UCL School of Life and Medical Sciences


Ten universities account for over one third of UK animal research

20 November 2018

UCL is one of 10 UK universities collectively releasing their animal research statistics today in collaboration with Understanding Animal Research.

research mice

These statistics relate to animal procedures used to conduct medical, veterinary and scientific research, and are freely available on each university’s website as part of their ongoing commitment to transparency and openness.

The 10 institutions conduct the highest number of animal procedures within UK universities and the figures show they collectively conducted over one third of all UK animal research in 2017. All 10 universities appear in the QS 2018 World University Ranking Top 200.

The 10 universities conducted 1.32 million procedures, 35% of the 3.79 million procedures conducted in Great Britain in 2017. Over 99% of these procedures were carried out on rodents or fish, and in line with national data they were almost evenly split between experimental work and the breeding of genetically modified animals.

The 10 universities are listed below alongside the total number of procedures that they carried out in 2017. Each institution’s name links to its animal research webpage which includes more detailed statistics. This is the third year in a row universities have come together to publicise their collective numbers and examples of their research.


Number of Procedures

University of Oxford


University of Edinburgh




University of Cambridge


King’s College London


University of Manchester


University of Sheffield


Imperial College London


Cardiff University


University of Glasgow




All 10 universities are signatories to the Concordat on Openness on Animal Research in the UK, a commitment to be more open about the use of animals in scientific, medical and veterinary research in the UK. Over 120 organisations have signed the concordat including UK universities, charities, research funders and commercial research organisations.All universities are committed to the ‘3Rs’ of replacement, reduction and refinement. This means avoiding or replacing the use of animals where possible; minimising the number of animals used per experiment and optimising the experience of the animals to improve animal welfare. However, as universities expand and conduct more research, the total number of animals used can rise even if fewer animals are used per study.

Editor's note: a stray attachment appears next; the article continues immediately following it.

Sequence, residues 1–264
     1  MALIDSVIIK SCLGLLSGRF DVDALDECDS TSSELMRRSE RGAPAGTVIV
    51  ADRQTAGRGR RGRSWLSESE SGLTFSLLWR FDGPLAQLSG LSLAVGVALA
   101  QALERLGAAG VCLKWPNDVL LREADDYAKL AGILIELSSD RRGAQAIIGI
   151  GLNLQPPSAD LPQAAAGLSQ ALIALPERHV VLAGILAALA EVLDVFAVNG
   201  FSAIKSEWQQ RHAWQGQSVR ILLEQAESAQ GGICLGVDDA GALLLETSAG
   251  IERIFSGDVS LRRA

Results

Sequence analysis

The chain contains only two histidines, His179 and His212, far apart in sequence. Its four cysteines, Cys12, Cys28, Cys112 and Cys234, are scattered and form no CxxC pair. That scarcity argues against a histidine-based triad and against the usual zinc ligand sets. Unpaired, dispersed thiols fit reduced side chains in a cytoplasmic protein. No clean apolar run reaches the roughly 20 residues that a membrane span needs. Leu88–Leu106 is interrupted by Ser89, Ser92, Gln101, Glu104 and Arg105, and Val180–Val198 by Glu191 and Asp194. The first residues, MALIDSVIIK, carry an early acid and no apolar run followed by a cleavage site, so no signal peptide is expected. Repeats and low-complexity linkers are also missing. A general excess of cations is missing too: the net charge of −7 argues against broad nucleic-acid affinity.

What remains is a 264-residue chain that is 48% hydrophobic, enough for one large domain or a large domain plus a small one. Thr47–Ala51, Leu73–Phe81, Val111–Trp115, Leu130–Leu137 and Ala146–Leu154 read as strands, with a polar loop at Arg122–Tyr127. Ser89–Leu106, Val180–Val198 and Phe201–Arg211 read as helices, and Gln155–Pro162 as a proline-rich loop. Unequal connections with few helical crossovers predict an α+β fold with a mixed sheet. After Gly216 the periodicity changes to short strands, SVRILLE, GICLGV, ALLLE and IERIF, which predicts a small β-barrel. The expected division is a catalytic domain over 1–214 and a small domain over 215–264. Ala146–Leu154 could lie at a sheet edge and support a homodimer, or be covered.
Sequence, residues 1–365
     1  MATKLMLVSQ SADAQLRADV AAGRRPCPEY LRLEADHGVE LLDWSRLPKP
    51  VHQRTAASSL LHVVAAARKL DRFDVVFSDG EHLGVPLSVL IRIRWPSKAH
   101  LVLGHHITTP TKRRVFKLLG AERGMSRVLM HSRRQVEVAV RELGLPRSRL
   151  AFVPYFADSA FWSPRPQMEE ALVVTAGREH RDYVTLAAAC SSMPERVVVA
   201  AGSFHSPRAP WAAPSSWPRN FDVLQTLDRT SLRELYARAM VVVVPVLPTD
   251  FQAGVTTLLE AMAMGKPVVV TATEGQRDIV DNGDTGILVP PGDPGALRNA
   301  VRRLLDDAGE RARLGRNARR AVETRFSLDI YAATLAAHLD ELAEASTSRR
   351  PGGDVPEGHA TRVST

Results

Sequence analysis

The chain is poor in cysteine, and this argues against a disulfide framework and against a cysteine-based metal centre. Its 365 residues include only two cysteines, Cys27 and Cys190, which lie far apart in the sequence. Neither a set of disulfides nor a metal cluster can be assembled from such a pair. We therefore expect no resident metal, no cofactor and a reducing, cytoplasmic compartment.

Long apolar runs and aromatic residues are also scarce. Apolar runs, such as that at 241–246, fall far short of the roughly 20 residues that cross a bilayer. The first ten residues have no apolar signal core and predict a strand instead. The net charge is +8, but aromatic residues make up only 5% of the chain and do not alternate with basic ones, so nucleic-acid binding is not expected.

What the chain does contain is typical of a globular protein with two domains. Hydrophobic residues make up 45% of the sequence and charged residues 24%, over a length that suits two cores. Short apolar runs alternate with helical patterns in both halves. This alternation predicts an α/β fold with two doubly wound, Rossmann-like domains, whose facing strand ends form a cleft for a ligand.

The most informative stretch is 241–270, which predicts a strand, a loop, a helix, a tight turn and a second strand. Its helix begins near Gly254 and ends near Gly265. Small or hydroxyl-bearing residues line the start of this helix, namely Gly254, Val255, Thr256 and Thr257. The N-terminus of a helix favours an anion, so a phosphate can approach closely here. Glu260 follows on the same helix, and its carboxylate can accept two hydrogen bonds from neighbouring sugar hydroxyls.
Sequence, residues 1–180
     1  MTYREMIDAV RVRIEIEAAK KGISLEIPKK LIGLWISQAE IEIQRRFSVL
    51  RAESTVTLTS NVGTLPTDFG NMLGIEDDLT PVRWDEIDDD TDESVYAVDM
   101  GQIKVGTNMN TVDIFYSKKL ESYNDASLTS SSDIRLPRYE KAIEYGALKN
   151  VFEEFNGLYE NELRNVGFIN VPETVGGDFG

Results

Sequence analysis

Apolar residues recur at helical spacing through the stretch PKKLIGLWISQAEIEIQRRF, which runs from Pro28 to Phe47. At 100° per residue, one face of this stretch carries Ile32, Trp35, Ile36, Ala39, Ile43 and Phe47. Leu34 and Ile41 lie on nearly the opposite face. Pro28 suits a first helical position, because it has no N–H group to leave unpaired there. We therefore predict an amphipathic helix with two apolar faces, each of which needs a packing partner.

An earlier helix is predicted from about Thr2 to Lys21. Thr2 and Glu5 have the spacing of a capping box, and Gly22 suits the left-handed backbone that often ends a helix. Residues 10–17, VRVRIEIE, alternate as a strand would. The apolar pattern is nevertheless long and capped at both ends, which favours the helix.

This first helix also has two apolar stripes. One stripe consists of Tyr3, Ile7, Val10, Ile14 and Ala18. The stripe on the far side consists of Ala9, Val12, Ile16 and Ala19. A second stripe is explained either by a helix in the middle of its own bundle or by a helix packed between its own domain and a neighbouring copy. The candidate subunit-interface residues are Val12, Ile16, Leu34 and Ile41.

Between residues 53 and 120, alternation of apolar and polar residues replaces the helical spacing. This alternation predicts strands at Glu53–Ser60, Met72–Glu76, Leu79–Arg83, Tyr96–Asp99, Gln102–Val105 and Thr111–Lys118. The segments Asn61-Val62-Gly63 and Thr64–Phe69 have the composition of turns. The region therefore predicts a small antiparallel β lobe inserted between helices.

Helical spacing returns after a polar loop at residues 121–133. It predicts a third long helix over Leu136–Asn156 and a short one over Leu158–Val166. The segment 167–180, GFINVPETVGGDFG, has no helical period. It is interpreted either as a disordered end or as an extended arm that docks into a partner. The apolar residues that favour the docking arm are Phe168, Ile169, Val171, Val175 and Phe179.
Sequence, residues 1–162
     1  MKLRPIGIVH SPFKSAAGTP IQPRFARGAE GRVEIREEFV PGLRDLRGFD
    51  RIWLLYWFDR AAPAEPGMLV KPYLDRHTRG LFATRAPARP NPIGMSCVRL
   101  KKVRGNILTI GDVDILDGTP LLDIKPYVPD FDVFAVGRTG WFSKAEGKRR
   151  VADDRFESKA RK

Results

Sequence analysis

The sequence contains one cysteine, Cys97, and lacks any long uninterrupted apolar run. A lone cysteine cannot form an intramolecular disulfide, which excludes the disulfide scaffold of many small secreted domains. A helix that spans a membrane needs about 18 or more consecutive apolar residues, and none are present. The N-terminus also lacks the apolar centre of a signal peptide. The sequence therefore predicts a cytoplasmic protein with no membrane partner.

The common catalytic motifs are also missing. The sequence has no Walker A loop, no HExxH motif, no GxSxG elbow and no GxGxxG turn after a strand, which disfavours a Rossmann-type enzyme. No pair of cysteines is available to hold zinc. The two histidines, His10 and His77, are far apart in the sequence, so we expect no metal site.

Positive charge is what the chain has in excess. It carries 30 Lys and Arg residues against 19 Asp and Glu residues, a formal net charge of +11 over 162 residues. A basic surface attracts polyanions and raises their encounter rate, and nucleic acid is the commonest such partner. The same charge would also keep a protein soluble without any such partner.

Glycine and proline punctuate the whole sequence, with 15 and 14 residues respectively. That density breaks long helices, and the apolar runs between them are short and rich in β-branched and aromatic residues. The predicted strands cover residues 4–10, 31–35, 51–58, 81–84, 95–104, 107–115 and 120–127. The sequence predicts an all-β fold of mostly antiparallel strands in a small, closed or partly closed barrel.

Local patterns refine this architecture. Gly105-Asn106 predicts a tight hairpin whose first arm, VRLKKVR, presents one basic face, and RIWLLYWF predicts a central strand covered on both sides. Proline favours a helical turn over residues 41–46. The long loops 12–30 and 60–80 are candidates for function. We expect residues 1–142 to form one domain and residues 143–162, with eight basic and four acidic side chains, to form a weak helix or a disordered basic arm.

Wendy Jarrett, Chief Executive of Understanding Animal Research, which developed the Concordat on Openness, said: “The Concordat has fostered a culture of openness at research institutions up and down the country. Institutions now provide an unprecedented level of information about how and why they conduct medical, veterinary and scientific research using animals. Almost two-thirds of the university Concordat signatories provide their animal numbers openly on their websites – accounting for almost 90% of all animal research at UK universities.”

Professor David Lomas, UCL Vice-Provost (Health), said: “Animal research forms a small but vital part of UCL’s biomedical research, helping us to find solutions to the world’s most pressing challenges and improve human health. To ensure we continue to meet the highest possible standards as a world-leading biomedical research university, it’s important to talk openly about how animal research can yield medical advances, and to discuss its challenges and regulations, in order to combat misconceptions and to develop ways to reduce, replace and refine our use of animals where possible.”



  • Research mice at UCL (Source: David Bishop, UCL)


Media contact

Chris Lane

Tel: +44 (0)20 7679 9222

Email: chris.lane [at] ucl.ac.uk